News / USA

US Celebrates 50th Anniversary of Civil Rights March

Marchers pose for pictures as they commemorate the 50th anniversary of the 1963 March on Washington for Jobs and Freedom at the Lincoln Memorial in Washington Aug. 2013.
Marchers pose for pictures as they commemorate the 50th anniversary of the 1963 March on Washington for Jobs and Freedom at the Lincoln Memorial in Washington Aug. 2013.
TEXT SIZE - +
VOA News
Tens of thousands of people gathered in Washington Saturday to remember the Reverend Martin Luther King Jr's landmark "I Have a Dream" civil-rights speech half a century ago.

In 1963 African-Americans were struggling to overcome racial discrimination that restricted voting by blacks in parts of the United States, blocked their access to good jobs, and left many mired in poverty.

King's speech highlighted a march by 250,000 people, which showed the growing political clout of the non-violent movement that eventually won new laws protecting civil rights for blacks and others.

  • A tourist points to the exact location where Rev. Martin Luther King Jr., gave his famous 'I Have a Dream' speech, at the Lincoln Memorial in Washington, Aug. 22, 2013.
  • Rev. Al Sharpton (2nd R) links arms with Rep. John Lewis (D-GA) next to Martin Luther King III (R) as they begin to march during the 50th anniversary of the 1963 March on Washington for Jobs and Freedom at the Lincoln Memorial in Washington, Aug. 24, 2013
  • Crowds rally at the Lincoln Memorial in Washington to commemorate the 50th anniversary of the 1963 March on Washington, Aug. 24, 2013.
  • Marchers gather along the reflecting pool on the National Mall during the 50th anniversary of the 1963 March on Washington for Jobs and Freedom at the Lincoln Memorial in Washington Aug. 24, 2013.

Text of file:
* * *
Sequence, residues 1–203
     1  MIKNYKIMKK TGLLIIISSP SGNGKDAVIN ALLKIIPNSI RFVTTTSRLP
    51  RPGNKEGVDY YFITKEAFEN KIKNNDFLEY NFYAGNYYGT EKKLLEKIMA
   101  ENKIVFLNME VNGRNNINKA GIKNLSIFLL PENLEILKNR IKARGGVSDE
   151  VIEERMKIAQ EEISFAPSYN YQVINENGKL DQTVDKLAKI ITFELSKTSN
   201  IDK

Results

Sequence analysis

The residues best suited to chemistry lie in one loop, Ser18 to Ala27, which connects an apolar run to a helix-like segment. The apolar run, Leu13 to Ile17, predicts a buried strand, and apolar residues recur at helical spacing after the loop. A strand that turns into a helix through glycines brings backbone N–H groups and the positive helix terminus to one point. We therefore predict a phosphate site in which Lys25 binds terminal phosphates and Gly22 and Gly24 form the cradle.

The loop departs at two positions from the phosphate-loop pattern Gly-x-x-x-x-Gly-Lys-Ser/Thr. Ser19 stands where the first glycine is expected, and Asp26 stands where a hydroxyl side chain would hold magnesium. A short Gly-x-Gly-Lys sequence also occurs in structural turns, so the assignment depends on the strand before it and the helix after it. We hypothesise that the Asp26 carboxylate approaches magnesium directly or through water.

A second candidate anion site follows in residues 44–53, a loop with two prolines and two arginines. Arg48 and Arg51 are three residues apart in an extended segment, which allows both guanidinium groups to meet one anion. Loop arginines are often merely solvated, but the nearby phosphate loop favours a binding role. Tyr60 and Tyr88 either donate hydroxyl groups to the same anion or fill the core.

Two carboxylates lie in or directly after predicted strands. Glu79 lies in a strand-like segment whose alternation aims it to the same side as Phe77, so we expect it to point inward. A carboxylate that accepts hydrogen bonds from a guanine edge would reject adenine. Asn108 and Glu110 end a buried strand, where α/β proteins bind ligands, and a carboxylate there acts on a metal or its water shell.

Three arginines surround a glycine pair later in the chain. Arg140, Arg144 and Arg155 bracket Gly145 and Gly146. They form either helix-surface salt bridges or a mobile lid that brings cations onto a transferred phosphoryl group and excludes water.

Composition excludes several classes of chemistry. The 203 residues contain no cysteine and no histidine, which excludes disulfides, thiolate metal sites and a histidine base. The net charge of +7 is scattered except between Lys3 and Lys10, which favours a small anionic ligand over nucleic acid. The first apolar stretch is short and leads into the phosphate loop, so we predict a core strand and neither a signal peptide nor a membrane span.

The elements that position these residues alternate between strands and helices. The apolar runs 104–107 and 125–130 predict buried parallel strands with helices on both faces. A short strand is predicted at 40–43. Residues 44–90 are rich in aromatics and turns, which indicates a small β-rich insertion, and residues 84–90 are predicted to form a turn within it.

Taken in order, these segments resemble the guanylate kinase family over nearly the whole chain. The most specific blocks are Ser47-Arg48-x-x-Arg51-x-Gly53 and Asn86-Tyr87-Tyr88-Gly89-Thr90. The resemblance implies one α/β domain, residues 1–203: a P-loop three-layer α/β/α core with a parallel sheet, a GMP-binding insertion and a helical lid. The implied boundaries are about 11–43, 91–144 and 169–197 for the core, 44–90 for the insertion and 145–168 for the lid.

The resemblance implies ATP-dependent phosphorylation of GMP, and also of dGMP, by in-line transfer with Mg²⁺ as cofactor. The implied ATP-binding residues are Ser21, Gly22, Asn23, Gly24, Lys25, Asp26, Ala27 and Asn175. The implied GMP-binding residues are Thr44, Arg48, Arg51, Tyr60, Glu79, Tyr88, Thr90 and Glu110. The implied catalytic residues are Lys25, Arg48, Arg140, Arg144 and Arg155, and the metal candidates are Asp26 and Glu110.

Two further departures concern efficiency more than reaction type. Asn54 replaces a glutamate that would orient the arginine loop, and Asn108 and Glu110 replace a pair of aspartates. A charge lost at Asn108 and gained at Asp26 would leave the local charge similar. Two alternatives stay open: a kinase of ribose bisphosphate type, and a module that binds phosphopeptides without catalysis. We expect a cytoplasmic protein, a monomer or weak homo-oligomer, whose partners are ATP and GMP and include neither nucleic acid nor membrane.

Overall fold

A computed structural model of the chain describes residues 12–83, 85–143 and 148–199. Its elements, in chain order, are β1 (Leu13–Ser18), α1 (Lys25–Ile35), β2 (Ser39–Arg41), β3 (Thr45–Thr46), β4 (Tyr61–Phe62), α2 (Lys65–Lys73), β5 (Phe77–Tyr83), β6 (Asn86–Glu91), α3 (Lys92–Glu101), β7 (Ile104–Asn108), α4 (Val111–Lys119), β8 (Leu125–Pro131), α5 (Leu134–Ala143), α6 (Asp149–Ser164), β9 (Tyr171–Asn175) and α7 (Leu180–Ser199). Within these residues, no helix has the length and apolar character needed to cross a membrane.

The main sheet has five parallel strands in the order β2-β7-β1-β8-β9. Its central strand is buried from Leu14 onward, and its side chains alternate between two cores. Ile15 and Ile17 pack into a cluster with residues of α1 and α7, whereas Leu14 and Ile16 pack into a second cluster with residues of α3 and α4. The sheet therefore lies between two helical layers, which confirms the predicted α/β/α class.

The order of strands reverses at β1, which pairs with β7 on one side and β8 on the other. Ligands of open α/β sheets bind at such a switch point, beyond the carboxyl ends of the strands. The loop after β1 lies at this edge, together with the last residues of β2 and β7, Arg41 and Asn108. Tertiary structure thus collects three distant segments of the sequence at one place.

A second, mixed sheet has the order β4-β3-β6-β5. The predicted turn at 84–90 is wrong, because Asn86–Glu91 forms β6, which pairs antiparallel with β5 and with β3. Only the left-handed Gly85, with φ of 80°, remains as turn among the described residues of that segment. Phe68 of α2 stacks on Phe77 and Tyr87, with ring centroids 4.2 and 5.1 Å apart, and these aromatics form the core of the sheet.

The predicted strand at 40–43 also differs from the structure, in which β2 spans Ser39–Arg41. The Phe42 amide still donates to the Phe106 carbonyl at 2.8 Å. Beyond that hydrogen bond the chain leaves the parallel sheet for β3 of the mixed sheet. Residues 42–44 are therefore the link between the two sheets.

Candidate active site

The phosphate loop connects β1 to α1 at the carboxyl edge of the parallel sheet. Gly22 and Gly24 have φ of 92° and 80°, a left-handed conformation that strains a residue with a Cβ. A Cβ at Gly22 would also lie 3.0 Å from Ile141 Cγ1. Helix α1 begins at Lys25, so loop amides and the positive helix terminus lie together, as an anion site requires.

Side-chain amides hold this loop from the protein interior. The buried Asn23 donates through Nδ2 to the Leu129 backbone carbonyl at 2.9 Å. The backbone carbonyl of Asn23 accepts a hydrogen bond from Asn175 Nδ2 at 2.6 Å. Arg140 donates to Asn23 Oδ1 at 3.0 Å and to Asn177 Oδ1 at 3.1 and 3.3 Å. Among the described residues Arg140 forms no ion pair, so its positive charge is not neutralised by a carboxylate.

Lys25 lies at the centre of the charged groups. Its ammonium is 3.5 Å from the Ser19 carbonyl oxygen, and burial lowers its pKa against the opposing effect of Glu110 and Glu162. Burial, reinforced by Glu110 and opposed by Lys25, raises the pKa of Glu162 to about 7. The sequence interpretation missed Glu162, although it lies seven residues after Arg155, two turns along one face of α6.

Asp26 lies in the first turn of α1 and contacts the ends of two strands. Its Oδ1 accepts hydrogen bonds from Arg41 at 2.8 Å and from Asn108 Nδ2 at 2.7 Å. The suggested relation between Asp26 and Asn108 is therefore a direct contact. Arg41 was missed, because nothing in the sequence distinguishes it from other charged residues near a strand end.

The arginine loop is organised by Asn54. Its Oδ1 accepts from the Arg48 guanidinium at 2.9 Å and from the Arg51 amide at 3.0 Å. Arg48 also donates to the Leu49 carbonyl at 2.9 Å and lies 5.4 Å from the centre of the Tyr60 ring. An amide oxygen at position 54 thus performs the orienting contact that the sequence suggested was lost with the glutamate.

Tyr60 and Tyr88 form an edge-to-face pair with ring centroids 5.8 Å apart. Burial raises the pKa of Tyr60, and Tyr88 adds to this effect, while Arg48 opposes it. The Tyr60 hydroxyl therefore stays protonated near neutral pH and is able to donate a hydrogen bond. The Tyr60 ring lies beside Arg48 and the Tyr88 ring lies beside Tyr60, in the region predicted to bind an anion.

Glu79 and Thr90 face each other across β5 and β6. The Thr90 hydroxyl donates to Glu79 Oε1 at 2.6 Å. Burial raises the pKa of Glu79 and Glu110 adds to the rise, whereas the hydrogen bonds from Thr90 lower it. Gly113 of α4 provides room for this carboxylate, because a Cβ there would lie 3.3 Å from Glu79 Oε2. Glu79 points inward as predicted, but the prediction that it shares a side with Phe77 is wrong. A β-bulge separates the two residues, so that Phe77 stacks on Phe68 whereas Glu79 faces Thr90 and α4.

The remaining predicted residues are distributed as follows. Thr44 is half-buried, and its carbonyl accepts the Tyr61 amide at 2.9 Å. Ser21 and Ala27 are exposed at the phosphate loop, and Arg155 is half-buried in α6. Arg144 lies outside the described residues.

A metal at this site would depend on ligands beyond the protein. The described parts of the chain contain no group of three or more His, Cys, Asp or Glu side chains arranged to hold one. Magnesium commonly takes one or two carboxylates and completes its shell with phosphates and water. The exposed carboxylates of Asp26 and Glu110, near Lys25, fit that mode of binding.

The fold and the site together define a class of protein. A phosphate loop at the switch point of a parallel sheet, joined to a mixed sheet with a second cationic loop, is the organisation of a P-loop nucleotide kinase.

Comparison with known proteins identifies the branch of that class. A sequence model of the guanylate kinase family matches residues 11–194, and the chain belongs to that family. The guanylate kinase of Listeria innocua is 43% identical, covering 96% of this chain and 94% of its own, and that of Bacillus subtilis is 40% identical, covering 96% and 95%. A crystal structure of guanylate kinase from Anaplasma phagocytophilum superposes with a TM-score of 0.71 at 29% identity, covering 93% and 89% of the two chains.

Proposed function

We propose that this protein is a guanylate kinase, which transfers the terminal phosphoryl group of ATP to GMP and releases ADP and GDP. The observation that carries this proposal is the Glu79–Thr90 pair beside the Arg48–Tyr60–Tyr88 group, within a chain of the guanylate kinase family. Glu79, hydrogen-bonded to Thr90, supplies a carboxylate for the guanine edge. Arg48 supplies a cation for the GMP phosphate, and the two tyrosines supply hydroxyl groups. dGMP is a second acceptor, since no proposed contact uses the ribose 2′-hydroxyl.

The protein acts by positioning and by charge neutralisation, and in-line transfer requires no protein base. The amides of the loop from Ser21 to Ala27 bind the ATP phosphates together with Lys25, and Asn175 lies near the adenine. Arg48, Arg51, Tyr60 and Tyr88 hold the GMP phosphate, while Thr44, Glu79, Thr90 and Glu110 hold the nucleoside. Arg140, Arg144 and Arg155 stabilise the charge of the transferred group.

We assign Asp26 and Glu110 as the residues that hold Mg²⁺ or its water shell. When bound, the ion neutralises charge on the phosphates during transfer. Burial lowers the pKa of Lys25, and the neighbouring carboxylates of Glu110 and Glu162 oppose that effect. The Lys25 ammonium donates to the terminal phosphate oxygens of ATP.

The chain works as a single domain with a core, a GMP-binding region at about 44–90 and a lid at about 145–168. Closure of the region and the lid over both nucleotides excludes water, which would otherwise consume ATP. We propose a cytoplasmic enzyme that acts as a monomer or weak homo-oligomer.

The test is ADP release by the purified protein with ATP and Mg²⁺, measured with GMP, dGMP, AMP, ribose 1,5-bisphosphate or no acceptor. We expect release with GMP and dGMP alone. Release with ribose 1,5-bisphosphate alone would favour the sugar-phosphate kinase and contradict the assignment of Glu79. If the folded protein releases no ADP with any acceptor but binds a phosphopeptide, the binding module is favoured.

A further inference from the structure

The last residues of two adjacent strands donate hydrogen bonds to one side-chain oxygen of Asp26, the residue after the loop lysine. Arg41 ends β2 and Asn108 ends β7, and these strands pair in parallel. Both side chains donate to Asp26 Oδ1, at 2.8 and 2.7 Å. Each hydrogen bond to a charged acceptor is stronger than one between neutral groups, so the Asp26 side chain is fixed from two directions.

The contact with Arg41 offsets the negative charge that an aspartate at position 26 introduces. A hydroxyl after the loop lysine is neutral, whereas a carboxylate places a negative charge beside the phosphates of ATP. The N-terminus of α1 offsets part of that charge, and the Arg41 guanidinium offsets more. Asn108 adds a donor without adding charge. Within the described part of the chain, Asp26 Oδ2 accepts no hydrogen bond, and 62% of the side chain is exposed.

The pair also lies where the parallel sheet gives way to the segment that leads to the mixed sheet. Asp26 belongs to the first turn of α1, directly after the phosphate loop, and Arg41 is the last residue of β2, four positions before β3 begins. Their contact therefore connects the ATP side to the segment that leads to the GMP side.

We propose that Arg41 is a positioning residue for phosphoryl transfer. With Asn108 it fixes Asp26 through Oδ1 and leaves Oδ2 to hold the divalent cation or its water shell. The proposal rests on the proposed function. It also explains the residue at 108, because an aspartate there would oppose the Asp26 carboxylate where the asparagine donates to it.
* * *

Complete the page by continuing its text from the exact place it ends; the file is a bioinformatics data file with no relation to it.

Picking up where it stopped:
• Rev. Bobby Turner or Columbus, Ohio, places his hand on the Martin Luther King Jr. Memorial, Aug. 22, 2013, in Washington.
  • A marcher holds an U.S. flag bearing the image of President Barack Obama during the 50th anniversary of the 1963 March on Washington for Jobs and Freedom at the Lincoln Memorial in Washington Aug. 24, 2013.
  • Crowds line the Reflecting Pool to watch the 50th anniversary ceremony of the 1963 March on Washington ceremony, with the Washington Monument in the backround, Aug. 24, 2013.
  • U.S. Park Police watch over the Lincoln Memorial during sunrise early in the morning before the start of the ceremony honoring the 50th anniversary of the 1963 March on Washington, Aug. 24, 2013.
  • Marchers file towards their seats at the ceremony at the Lincoln Memorial honoring the 50th anniversary of the 1963 March on Washington, Aug. 24, 2013.
  • Marchers pose for pictures as they commemorate the 50th anniversary of the 1963 March on Washington for Jobs and Freedom at the Lincoln Memorial in Washington, Aug. 24, 2013.
  • A marcher holds a sign as she attends the 50th anniversary of the 1963 March on Washington for Jobs and Freedom at the Lincoln Memorial in Washington, Aug. 24, 2013.
  • The Martin Luther King Jr. Memorial in Washington, Aug. 22, 2013.
  • Dr. Martin Luther King Jr. acknowledges the crowd at the Lincoln Memorial for his "I Have a Dream" speech during the March on Washington, D.C. in this Aug. 28, 1963 file photo.

Fifty years later, U.S. Attorney General Eric Holder told a new march that civil-rights pioneers made it possible for him to be the first African American to head the Justice Department. He also said much work remains to be done to protect voting rights for blacks and fully extend civil rights to other groups like Hispanics and gays.

Veteran civil rights activist, the Reverend Jesse Jackson, said 50 years after King's speech, "We are free but not equal," and urged his listeners to keep dreaming, keep the faith, and keep hope alive.

Speaking to the same group, civil-rights leader Julian Bond complained that economic indicators show blacks still lag far behind whites. He denounced a recent U.S. Supreme Court decision that he said damaged the voting rights that "we fought and died for."

Wednesday is the actual anniversary of the speech (August 28). It will be marked by speeches from U.S. President Barack Obama, the country's first African-American president, as well as former presidents Jimmy Carter and Bill Clinton.

The civil-rights movement attracted attention in the mid-1950s when King, a young black preacher, led a successful effort to desegregate public buses in Montgomery, Alabama.

King won the Nobel Peace Prize in 1964 and was assassinated in 1968 in Memphis, Tennessee.